In the mid-2010s, UK-based distiller Diageo invested in proprietary technology tools to uncover growth opportunities and improve returns on marketing spending. The analysis revealed the US was a ripe market for premium tequila, an alcoholic brew made from the blue agave plant that flourishes around the town of Tequila in the western Mexican state of Jalisco. Tequila volumes in the US doubled from 2003 to 2015, as Hispanic influence took hold and millennials-come-mixologists began making margaritas or sipping the liquid straight.
Diageo’s key step in its campaign to penetrate the high-end US tequila market came in 2017 when the company spent US$1 billion (including a US$300-million ‘earn-out’ based on sales) to acquire Casamigos tequila, a company founded four years earlier by US actor George Clooney and two others. Casamigos, which translates to ‘house of friends in Spanish, was the fastest-growing (40%+) ‘super premium’ tequila in the US. With the purchase, Diageo added Casamigos, which Clooney still promotes, to its tequila portfolio that includes complementary brands such as Don Julio.
By 2021, the campaign’s success was obvious. Diageo’s ‘organic net sales’ of tequila in fiscal 2021 had soared 79% from the previous year, numbers that meant tequila sales comprised 8% of the company’s organic net sales. (This sales measurement excludes the effects of currency translation and takeovers and divestments.) The company subsequently announced it would spend US$500 million to expand production in Jalisco where it has two tequila plants.
Thanks to strategic portfolio adjustments such as this, Diageo has outperformed peers in the US, which accounts for nearly 60% of group operating profit. Globally, the owner of Baileys Irish Cream liqueur, Captain Morgan rum, Johnnie Walker whisky, Tanqueray gin and Smirnoff vodka posted sales of 12.7 billion pounds in fiscal 2021, an increase of 12% from the year earlier.
Diageo, whose spirits hold the No. 1 spot in six of the nine biggest spirit categories, extends beyond spirits. The company brews beer including Guinness, makes wine and offers ready-to-drink (pre-mixed) options. All up, the company boasts more than 200 global, local, and luxury brands that are sold in more than 180 countries. Through a 34% stake in LVMH’s Moët Hennessy, Diageo stretches into the high-end cognac and champagne categories.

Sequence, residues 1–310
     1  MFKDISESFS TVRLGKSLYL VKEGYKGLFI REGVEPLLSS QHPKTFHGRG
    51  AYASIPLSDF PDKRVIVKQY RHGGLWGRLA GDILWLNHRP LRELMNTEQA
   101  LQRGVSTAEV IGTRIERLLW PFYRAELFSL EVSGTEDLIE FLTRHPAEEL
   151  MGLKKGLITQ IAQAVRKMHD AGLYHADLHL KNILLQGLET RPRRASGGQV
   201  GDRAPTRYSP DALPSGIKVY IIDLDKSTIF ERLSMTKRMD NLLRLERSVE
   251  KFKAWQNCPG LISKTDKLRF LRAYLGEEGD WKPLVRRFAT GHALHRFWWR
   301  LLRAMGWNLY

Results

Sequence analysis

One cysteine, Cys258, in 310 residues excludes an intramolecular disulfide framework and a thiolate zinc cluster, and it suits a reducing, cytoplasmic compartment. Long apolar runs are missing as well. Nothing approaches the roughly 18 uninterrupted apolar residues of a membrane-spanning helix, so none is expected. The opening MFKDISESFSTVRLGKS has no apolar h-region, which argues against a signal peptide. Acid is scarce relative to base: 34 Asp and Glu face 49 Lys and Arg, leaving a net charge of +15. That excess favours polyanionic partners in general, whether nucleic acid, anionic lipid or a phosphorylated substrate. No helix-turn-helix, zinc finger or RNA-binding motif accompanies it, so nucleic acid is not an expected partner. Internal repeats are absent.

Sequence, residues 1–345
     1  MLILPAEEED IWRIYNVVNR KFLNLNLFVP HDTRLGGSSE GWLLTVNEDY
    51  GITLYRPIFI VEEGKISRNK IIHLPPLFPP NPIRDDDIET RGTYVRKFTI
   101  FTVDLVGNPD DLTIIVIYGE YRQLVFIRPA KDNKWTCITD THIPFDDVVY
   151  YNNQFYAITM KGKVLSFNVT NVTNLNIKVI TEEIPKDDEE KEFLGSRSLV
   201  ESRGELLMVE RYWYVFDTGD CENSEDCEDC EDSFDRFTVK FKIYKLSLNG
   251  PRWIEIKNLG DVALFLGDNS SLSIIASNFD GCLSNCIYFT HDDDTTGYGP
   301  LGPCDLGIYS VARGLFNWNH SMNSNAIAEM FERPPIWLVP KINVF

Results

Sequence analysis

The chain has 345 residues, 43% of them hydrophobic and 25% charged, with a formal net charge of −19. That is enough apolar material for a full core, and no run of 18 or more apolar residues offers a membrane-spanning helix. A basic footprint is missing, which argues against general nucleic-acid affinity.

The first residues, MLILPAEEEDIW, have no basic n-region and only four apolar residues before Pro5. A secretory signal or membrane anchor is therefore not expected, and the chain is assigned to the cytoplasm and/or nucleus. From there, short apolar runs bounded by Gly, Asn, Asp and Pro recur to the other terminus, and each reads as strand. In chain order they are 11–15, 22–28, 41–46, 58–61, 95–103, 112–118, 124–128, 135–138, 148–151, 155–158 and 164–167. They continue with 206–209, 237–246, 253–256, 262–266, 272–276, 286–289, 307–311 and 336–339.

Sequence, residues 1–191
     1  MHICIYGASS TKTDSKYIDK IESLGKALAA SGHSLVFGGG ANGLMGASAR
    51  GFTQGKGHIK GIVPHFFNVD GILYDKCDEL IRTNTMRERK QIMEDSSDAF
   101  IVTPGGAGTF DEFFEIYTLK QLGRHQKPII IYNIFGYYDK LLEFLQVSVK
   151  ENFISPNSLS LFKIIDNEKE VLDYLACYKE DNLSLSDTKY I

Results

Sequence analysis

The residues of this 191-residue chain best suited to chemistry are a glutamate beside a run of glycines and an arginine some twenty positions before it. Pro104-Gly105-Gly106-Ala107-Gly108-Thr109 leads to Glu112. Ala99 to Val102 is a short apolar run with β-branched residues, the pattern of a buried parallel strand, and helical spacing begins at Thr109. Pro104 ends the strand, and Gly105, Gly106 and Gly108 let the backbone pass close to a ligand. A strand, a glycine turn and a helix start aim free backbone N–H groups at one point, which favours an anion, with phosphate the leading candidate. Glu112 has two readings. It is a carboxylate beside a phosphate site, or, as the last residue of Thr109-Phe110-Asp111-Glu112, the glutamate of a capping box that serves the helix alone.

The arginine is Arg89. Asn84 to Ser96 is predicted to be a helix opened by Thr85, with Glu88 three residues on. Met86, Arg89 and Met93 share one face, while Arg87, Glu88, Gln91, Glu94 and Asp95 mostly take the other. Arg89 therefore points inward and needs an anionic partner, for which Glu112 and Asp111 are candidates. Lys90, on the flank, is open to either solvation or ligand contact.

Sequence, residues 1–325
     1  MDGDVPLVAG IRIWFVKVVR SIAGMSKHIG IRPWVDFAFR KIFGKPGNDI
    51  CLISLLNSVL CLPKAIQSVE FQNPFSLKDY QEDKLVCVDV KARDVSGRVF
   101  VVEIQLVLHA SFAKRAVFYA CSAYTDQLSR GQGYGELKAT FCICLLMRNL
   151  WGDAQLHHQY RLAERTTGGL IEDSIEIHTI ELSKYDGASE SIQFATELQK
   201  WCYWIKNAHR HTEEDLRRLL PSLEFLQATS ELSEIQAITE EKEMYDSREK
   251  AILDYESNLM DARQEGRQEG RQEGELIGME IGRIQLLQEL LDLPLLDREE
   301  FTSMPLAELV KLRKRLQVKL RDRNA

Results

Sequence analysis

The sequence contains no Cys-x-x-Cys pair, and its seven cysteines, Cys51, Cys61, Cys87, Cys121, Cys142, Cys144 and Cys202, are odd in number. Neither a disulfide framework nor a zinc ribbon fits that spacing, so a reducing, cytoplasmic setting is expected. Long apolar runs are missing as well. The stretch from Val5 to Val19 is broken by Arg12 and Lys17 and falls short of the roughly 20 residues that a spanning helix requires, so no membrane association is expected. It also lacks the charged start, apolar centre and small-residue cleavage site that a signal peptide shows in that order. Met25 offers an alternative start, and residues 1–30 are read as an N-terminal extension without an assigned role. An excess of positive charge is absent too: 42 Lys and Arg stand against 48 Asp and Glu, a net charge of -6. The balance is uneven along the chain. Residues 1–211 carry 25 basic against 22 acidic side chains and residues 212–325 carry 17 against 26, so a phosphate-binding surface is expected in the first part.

Spirits represent about 80% of Diageo's revenue – scotch generates 25% of Diageo sales, while vodka accounts for 10%. Beer brings in about 15% of sales while other categories such as ready-to-drink products and wine generate the remainder. In terms of locations, the company sources about 40% of sales in North America, 20% in Europe (including Turkey) and another 20% in Asia Pacific.
The modern history of Diageo, which can trace its start to 1759 when Arthur Guinness leased a brewery in Ireland, began in 1997 when Guinness and GrandMet merged. This union and subsequent bolt-on acquisitions have created a company with three key competitive advantages.
The first is that Diageo owns the best brands for which consumers are prepared to pay a premium. Spirits variants are distinguishable in terms of flavour, production process, provenance, and vintage. Such points of differentiation allow distillers to charge higher prices for luxury categories. Johnnie Walker’s 18-years-to-produce Black Label scotch, for instance, sells at 3.7 times the price of Johnnie Walker Red Label whisky.
Diageo’s second competitive advantage is that it has secured superior access to distribution channels. Bars, bottle shops, pubs, restaurants and supermarkets have finite space to display drinks. They favour brands that sell quickly and deliver higher margins. They want brands that can be supplied and restocked by a reputable and reliable company such as Diageo.
The third advantage is Diageo has the turnover to achieve economies of scale in advertising, data analytics, distribution, manufacturing, research and development and procurement of ingredients. Lower average costs mean competitive pricing and higher margins.
Diageo’s three key advantages mean that the company is likely to generate superior returns for the foreseeable future, the attribute that stocks must possess to enter the Magellan global portfolio.
To be sure, Diageo faces challenges. Hot categories such as tequila inevitably attract competition. Celebrities Dwayne Johnson (the Rock) and Kendall Jenner have launched tequila brands in recent years that they promote via their widely followed Instagram accounts. There is a risk that this could dent category returns, as new brands take market share and prompt existing players to increase their marketing spending. The counterargument to this point is that new celebrity-backed brands generate buzz for the category, and they typically compete based on product differentiation rather than unhealthy price competition. Diageo must be quick to adapt to fresh competitive threats and new industry trends, as the company did when it stormed the top end of the tequila category in the US in 2017.
Sources: Dunn & Bradstreet, company filings and Bloomberg.